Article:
Later, I was blocked from certain schools, sports clubs, the aviation academy, and planning a political career. So finally, I discovered my way out of Egypt. After enrolling in the Leonardo Da Vinci Institute, an Italian architectural school in Cairo, I decided to move to Italy after completing my second year of study.

In order to accomplish this move without the support of my family, my sacrifice was great. As a boy of middle-class upbringing, I never lacked anything. The weekly allowances my father provided me so that I could use city buses and buy books and supplies now went into my savings. I walked to and from my destinations and scrimped on paper and pencils and never attended the movie theatre again. After overcoming many more obstacles that led me to confront Egyptian authorities on my own in order to leave, I made it to Rome with thirty dollars in my pocket. I had nowhere to turn for help.

Italians were open and welcoming. This was well before today’s mass immigration had devastated Italian social services and threatened citizen safety. They were willing to embrace me, take a risk and open opportunities for me. Today, they are still willing to do that for others but with much more reserve and selectiveness. The culture has been assaulted and a greater level of sensitivity is required by immigrants to prove to Italians they are able and willing to assimilate one at a time.

This led me to create and begin the La Casa Futura project for young Egyptians. They desperately need a viable path to transition from refugee camps into Italian life and find independence. Egyptian Copts are the culture of Egypt with the basis for understanding and merging with Western culture and with this most essential distinction differ from economic refugees coming to the West from Islamic nations through mass migration. The Christian Copts are not in league with the Islamic religious-political system but seek instead to detach from its grip.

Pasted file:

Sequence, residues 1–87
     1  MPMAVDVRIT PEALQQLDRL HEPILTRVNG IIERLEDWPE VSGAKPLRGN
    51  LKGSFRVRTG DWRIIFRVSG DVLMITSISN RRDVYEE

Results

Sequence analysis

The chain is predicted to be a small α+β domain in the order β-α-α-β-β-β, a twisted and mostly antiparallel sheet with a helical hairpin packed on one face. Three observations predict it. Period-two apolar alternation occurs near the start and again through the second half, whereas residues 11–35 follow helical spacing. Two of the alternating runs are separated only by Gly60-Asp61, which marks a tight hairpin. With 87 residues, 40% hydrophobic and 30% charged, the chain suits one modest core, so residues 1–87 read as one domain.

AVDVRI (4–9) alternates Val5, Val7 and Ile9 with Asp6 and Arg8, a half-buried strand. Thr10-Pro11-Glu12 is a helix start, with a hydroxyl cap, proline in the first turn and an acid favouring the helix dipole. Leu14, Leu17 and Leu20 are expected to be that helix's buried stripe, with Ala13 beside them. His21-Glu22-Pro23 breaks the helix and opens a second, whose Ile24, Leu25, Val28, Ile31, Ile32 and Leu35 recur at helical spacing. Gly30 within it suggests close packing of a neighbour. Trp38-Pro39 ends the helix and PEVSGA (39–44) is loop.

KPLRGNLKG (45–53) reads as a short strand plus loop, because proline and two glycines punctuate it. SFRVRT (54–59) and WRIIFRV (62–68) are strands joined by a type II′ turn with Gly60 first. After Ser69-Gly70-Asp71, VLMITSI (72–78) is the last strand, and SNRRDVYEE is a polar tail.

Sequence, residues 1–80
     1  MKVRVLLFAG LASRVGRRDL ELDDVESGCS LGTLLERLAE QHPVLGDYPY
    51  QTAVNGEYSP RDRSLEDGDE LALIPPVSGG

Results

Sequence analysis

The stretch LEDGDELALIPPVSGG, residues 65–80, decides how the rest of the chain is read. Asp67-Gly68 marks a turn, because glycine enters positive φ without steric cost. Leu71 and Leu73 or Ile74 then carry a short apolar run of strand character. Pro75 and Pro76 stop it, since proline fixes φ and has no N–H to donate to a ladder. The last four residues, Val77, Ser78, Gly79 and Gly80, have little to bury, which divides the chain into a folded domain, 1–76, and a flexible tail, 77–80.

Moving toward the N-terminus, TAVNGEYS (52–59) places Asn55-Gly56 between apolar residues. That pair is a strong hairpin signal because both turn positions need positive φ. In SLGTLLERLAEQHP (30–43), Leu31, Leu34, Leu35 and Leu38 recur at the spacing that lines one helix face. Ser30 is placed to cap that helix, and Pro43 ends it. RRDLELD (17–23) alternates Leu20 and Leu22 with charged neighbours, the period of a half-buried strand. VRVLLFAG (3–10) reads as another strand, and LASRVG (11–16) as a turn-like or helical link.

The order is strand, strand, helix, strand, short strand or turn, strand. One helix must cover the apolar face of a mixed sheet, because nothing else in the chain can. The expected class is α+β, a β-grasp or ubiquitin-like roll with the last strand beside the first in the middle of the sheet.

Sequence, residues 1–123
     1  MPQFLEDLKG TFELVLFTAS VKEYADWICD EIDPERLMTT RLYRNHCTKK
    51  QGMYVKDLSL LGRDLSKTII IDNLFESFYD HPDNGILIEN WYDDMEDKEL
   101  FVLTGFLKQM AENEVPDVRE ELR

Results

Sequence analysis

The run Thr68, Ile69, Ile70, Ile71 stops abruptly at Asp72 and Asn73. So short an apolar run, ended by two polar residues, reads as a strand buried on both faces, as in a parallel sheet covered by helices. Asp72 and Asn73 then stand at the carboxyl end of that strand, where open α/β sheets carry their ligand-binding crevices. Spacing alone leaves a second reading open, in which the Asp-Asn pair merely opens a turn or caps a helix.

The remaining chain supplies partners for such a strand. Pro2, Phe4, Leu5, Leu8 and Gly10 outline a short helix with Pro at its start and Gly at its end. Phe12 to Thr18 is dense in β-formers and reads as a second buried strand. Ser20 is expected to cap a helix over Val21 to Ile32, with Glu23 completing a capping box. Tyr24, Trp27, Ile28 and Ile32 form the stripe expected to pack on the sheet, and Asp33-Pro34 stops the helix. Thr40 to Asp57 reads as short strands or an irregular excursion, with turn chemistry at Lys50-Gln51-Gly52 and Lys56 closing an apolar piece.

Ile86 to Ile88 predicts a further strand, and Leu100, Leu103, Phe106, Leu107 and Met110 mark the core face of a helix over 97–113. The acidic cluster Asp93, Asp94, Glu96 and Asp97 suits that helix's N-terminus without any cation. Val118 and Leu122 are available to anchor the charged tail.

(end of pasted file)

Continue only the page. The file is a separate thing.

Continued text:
Many years after my own journey from Egypt I am helping others take similar steps to begin their journeys to the freedom of the West. It is not hard to see just how much more difficult it is to do today given the politicization of such movement due to mass migration. This is why La Casa Futura, which is the only solution currently in existence for Coptic religious refugees, must succeed.

But I can’t do this alone. I need your help, any help you can give, and my promise to you and to young Egyptians is that La Casa Futura will be there to fill the needs of young Christians coming from Egypt seeking a new start. Overlooked by international humanitarian aid that is already overwhelmed , Christian Copts outside of Egypt have only one concrete solution, and that is La Casa Futura.

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Thank you.

The La Casa Futura project currently consists of one dormitory building providing help for up to 100 youths per session. Each session provides language learning, job direction, and cultural understanding. LCF is in its initial phase of development as we seek financial backers and matching funds with individual donations.